With stunning environments and beautiful chess sets, such as a Fire and Brimstone set that literally burns, there are over 80 chess puzzles, 10 Grandmaster approved AI levels, local and online multiplayer with an ELO ranking system, historical matches, in-depth tutorials and comprehensive time controls including Classical, Blitz and Marathon.

Ripstone also teases Nintendo specific features, that they promise to reveal more about soon.

The team here at Ripstone are delighted to bring Chess Ultra to Nintendo Switch, it gives players a completely different, intuitive way to play the game, enthused Matt Southern, head of development at Ripstone.

Theres a lot of lifelong Nintendo fans in the studio, and we love being able to support the console.

Chess Ultra will release on the Nintendo eShop for Nintendo Switch worldwide this year.

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Chess Ultra Makes A Move On Nintendo Switch - Nintendo Insider

Checkmate is possible when Chess Ultra comes to Switch – Vooks

Ripstone has announced that Chess Ultra is coming to Nintendo Switch later this year, their first in house developed title for the system. Ripstone are bringing Ironcast to the platform next week, but no date has been released for Chess Ultra yet.

The team here at Ripstone are delighted to bring Chess Ultra to Nintendo Switch, it gives players a completely different, intuitive way to play the game. Theres a lot of lifelong Nintendo fans in the studio, and we love being able to support the console states Matt Southern, Head of Development at Ripstone.

Players will discover a variety of gameplay options available, including 10 AIs approved by Grandmasters, the best chess players in the world, in addition there are 80 chess puzzles to attempt to solve. If you just want to sit down and discover a simple game of chess, you can do that in one of the games crafted locations, like a library or museum, but if you want a little more heat to your game, you can even change up your set, one option is called Fire and Brimstone which is literally on fire.

About The Author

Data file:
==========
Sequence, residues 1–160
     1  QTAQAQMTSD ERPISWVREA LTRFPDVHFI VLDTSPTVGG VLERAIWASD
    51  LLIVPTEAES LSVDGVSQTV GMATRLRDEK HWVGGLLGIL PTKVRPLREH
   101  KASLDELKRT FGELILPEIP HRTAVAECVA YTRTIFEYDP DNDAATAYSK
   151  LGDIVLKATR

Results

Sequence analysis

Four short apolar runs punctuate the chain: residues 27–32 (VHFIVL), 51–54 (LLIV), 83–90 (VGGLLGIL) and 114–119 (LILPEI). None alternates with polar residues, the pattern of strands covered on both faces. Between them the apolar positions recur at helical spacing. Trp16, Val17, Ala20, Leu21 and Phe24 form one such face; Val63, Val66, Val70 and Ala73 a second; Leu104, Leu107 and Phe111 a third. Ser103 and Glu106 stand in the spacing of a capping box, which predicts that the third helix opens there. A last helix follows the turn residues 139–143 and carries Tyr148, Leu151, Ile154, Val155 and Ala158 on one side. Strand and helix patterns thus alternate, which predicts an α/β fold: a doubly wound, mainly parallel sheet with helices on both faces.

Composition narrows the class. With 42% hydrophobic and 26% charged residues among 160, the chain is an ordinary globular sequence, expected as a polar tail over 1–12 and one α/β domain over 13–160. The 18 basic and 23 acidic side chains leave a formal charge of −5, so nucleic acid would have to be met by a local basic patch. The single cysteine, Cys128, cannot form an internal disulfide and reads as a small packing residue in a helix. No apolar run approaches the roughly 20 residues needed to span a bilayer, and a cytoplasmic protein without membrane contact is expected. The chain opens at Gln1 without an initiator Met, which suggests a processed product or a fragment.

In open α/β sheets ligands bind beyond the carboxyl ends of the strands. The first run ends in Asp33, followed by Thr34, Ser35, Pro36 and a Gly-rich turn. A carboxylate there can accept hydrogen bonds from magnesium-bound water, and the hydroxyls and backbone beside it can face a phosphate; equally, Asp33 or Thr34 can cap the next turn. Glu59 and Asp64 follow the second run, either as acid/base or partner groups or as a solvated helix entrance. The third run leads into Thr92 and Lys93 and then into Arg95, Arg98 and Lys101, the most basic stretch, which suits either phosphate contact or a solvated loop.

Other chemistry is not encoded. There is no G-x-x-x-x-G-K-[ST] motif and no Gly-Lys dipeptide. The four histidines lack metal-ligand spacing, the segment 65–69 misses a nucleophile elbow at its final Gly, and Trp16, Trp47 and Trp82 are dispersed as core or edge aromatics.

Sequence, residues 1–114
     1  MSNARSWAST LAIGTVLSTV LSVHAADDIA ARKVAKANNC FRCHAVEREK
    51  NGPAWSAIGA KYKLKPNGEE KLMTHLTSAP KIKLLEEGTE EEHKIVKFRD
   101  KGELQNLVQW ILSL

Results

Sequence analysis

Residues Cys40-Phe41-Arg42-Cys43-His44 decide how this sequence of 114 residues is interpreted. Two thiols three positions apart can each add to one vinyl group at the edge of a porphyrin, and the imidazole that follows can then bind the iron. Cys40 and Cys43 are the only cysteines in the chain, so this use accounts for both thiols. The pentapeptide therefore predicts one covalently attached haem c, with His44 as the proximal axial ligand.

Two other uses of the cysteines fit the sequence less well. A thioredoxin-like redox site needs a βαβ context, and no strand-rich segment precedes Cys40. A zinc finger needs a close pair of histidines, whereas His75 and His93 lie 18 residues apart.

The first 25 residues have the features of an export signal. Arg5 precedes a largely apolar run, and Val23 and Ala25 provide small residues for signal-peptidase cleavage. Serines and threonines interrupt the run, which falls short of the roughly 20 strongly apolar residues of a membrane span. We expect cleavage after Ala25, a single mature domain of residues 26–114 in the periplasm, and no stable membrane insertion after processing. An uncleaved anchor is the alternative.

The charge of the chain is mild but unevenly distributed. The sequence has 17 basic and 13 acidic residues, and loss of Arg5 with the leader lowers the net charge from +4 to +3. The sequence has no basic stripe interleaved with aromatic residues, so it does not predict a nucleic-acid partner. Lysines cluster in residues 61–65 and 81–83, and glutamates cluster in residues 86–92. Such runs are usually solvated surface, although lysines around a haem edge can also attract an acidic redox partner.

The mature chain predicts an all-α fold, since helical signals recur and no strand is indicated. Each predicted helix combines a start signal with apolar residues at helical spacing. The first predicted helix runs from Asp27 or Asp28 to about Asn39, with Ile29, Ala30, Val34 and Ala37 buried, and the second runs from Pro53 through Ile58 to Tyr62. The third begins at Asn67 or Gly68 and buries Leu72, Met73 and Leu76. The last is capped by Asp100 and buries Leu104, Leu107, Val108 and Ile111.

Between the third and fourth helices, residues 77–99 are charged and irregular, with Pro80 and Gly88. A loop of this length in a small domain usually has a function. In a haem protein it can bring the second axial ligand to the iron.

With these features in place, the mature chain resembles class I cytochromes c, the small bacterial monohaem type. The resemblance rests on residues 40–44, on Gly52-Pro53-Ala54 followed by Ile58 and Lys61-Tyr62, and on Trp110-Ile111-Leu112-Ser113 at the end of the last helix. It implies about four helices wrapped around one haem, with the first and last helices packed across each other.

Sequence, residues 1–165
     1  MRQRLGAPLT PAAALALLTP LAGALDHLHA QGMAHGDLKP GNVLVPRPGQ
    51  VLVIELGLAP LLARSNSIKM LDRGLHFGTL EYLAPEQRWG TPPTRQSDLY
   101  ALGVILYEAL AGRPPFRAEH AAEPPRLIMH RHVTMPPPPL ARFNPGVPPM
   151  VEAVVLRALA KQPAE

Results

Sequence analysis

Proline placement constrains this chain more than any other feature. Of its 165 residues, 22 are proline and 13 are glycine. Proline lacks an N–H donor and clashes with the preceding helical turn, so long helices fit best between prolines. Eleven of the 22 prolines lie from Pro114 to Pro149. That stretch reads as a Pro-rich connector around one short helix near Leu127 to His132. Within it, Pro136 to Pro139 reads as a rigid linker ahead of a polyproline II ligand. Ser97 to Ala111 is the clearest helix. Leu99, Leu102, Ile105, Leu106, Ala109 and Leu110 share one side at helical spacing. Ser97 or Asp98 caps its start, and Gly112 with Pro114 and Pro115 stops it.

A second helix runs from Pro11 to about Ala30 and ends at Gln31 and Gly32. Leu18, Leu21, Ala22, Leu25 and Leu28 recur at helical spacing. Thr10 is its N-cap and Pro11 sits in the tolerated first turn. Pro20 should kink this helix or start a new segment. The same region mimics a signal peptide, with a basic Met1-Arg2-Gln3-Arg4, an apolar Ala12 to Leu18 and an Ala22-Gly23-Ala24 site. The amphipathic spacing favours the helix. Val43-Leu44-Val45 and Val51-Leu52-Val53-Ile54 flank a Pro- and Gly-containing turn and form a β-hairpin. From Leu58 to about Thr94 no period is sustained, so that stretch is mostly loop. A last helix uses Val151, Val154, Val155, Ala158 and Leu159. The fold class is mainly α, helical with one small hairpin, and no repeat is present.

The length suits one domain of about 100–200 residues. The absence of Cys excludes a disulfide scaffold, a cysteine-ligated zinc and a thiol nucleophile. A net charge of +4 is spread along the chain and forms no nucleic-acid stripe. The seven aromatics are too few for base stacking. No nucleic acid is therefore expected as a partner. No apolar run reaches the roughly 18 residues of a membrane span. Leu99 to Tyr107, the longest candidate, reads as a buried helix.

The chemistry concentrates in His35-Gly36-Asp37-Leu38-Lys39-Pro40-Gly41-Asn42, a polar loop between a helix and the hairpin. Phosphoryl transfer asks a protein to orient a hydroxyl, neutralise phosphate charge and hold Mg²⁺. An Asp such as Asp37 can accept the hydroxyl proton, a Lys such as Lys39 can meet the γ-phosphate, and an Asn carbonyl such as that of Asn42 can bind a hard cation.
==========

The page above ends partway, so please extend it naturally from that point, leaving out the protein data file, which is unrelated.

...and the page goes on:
So, I have been gaming since controllers only had two buttons and because I wanted to, I started my own site. Now of course, you can find me writing for Vooks as well

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Checkmate is possible when Chess Ultra comes to Switch - Vooks

Chess Ultra Coming To Nintendo Switch; New Trailer Released – DualShockers

Today developer and publisher Ripstone announced that its game Chess Ultra would be making its way to the Nintendo Switch.

The game, which is a sequel to the 2012 gamePure Chess,will feature ten Grandmaster AI levels, 80 chess puzzles, as well as both local and online multiplayer. If you dont know how to play chess at all, the game also features comprehensive tutorials. You can check out a full feature list for the game below:

News about Nintendo Switch-exclusive features will be coming in the next few months.

As of the time of this writing, a release date for the Switch version has not been announced, however it has been confirmed that it will arrive sometime in 2017.

In addition to the announcement, a new trailer was also released. You can check it out at the end of the article.

Chess Ultrawas originally announced back in February of 2017, when it was revealed that the game would not only be playable in VR thanks to either the Oculus Rift, HTC Vive, and PSVR, but that it would also feature Twitch integration, allowing for the host to play against their viewers. As of the time of this writing, its unknown if this feature will carry over to the Switch version.

Chess Ultrawas originally released on June 20th, 2017, and is available on the PlayStation 4, Xbox One, and Windows PC.

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Chess Ultra Coming To Nintendo Switch; New Trailer Released - DualShockers